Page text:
Fluctuations in exchange rates are usually caused by actual monetary flows as well as by expectations of changes in monetary flows caused by changes in gross domestic product (GDP) growth, inflation (purchasing power parity theory), interest rates (interest rate parity, Domestic Fisher effect, International Fisher effect), budget and trade deficits or surpluses, large cross-border M&A deals and other macroeconomic conditions. Major news is released publicly, often on scheduled dates; so many people have access to the same news at the same time. However, the large banks have an important advantage; they can see their customers' order flow.
On the spot market, according to the BIS study, the most heavily traded products were:
- EUR/USD: 27%
- USD/JPY: 13%
- GBP/USD (also called sterling or cable): 12%
And the US currency was involved in 86.3% of transactions, followed by the euro (37.0%), the yen (17.0%), and sterling (15.0%) (See table). Note that volume percentages should add up to 200%: 100% for all the sellers and 100% for all the buyers.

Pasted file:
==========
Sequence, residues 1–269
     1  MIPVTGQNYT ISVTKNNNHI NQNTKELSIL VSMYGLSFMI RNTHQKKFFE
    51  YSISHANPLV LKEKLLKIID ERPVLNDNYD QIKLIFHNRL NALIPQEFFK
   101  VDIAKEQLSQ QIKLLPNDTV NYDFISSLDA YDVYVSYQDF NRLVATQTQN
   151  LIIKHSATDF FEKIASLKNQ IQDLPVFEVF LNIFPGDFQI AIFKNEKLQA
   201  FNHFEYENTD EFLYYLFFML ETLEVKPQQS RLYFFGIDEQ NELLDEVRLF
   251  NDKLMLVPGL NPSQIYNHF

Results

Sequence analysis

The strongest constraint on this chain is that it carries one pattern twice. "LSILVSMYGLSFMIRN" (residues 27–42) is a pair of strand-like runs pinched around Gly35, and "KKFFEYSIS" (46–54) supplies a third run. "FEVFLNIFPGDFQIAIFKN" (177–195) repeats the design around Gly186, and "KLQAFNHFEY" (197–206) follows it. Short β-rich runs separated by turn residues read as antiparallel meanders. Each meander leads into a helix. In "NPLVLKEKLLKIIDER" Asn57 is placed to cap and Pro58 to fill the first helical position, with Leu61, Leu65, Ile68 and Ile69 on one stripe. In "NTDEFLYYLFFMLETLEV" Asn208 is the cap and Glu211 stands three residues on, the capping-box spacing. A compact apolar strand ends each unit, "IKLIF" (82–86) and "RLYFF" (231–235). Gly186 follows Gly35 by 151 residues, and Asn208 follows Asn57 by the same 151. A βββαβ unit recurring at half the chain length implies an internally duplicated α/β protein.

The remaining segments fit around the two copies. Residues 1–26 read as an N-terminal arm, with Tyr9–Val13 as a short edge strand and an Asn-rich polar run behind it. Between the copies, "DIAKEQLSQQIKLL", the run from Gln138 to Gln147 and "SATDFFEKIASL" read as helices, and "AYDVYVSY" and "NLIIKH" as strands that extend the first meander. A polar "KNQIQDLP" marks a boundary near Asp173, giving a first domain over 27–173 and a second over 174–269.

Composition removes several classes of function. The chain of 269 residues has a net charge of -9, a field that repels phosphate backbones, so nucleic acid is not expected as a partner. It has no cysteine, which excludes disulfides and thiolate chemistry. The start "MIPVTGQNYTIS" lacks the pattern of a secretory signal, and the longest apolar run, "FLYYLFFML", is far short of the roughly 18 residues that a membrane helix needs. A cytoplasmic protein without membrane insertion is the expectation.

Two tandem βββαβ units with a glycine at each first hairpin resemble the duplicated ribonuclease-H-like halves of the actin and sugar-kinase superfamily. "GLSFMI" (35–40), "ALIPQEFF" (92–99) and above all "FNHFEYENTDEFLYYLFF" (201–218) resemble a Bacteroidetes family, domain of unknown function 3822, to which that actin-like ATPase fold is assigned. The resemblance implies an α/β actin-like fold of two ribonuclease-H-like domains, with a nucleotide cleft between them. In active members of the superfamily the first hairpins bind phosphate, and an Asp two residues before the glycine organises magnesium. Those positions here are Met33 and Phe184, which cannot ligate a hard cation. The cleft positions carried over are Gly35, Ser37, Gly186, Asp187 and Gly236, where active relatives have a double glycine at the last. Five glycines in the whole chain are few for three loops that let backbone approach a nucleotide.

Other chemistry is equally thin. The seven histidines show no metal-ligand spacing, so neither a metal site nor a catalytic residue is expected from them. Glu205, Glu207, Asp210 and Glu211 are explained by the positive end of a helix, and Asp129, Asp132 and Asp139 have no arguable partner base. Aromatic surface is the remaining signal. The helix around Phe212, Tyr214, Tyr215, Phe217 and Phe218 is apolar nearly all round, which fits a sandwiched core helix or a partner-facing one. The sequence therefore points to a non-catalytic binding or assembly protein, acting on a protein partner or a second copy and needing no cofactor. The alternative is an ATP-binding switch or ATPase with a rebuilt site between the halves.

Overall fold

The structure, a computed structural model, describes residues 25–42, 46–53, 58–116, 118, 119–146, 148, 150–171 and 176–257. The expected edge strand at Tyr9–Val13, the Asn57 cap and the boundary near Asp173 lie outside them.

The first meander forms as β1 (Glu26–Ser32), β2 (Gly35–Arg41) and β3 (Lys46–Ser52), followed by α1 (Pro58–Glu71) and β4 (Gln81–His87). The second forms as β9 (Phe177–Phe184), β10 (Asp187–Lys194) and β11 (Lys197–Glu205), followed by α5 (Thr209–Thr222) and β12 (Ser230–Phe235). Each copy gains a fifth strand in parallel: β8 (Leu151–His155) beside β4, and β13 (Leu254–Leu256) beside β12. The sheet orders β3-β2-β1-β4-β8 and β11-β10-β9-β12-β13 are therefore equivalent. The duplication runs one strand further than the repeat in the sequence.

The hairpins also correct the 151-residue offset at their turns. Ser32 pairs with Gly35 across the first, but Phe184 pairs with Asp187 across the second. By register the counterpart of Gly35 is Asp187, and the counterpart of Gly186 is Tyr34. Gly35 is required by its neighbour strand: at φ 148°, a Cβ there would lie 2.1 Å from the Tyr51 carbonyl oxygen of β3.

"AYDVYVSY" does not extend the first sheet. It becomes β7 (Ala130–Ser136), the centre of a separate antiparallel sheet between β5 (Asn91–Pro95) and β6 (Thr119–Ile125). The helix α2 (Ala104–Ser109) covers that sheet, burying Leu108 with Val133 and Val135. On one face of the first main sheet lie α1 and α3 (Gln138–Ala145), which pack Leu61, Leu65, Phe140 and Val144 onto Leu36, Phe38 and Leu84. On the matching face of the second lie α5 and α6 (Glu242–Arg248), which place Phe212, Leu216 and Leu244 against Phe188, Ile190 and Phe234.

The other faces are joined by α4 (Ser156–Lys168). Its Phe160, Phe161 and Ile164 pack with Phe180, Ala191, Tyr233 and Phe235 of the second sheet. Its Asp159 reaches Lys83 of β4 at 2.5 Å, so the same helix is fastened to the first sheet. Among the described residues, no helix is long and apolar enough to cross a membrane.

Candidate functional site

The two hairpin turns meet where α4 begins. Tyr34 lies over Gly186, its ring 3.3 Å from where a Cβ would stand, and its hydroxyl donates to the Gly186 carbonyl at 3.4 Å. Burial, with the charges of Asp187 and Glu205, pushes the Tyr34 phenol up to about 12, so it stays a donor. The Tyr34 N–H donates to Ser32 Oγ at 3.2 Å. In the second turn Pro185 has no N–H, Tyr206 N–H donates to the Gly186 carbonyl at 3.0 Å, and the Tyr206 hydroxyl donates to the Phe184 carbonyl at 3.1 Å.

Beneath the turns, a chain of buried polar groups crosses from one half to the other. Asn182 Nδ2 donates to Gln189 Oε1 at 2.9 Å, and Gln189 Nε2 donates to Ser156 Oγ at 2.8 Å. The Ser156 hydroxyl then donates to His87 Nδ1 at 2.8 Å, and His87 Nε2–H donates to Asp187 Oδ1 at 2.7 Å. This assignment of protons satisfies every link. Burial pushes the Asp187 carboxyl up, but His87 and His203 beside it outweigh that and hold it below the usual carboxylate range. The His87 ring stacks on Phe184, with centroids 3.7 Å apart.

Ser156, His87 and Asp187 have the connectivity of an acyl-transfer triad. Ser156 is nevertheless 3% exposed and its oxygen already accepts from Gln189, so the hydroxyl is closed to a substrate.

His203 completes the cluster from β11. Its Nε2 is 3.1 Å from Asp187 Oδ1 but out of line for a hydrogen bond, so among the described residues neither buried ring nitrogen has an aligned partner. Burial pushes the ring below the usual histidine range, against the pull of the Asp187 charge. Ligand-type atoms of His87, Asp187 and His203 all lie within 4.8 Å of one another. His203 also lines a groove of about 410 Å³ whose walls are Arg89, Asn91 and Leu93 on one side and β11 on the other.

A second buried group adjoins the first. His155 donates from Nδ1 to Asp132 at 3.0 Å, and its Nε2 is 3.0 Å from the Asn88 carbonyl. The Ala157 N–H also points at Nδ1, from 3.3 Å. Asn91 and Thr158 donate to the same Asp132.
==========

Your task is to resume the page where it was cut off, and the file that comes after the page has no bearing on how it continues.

Trading in the euro has grown considerably since the currency's creation in January 1999, and how long the foreign exchange market will remain dollar-centered is open to debate. Until recently, trading the euro versus a non-European currency ZZZ would have usually involved two trades: EUR/USD and USD/ZZZ. The exception to this is EUR/JPY, which is an established traded currency pair in the interbank spot market. As the dollar's value has eroded during 2008, interest in using the euro as reference currency for prices in commodities (such as oil), as well as a larger component of foreign reserves by banks, has increased dramatically. Transactions in the currencies of commodity-producing countries, such as AUD, NZD, CAD, have also increased.